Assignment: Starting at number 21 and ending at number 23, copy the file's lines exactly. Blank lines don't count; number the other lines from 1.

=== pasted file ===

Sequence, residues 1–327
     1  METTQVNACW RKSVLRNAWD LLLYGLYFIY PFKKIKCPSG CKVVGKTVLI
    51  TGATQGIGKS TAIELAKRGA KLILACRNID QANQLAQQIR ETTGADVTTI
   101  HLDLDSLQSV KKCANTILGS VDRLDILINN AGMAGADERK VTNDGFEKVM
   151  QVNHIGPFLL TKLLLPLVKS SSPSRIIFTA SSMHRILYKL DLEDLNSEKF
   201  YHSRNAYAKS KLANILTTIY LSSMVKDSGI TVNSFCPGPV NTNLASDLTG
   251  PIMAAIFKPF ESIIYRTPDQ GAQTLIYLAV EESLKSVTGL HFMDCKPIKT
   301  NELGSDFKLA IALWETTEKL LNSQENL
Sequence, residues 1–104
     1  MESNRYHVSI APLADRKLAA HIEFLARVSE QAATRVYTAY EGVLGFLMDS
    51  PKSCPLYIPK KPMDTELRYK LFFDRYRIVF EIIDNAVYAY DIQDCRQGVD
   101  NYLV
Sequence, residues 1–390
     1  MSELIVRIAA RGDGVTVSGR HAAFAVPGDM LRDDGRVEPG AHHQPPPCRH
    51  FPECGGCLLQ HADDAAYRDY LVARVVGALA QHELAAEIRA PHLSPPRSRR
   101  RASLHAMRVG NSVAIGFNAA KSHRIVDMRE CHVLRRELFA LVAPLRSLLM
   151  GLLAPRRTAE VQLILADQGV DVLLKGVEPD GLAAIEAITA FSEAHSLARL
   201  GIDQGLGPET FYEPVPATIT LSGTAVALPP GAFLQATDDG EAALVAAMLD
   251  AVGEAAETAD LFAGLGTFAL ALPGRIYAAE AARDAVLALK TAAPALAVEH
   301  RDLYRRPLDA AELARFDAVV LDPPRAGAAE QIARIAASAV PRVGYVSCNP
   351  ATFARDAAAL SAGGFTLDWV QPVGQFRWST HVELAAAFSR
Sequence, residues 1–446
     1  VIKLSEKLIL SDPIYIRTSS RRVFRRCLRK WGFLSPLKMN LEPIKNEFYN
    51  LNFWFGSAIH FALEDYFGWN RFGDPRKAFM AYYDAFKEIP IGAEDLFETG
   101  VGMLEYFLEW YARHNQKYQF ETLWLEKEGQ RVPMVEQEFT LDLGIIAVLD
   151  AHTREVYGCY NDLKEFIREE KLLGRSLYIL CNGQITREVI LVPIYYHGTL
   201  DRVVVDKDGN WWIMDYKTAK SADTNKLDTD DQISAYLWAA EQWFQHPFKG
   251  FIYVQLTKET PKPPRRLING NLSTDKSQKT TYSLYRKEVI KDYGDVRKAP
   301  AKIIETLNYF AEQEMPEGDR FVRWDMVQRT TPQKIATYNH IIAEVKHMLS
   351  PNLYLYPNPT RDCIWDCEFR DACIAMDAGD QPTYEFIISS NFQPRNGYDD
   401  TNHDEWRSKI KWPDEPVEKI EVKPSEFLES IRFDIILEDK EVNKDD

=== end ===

   351  ATFARDAAAL SAGGFTLDWV QPVGQFRWST HVELAAAFSR
Sequence, residues 1–446
     1  VIKLSEKLIL SDPIYIRTSS RRVFRRCLRK WGFLSPLKMN LEPIKNEFYN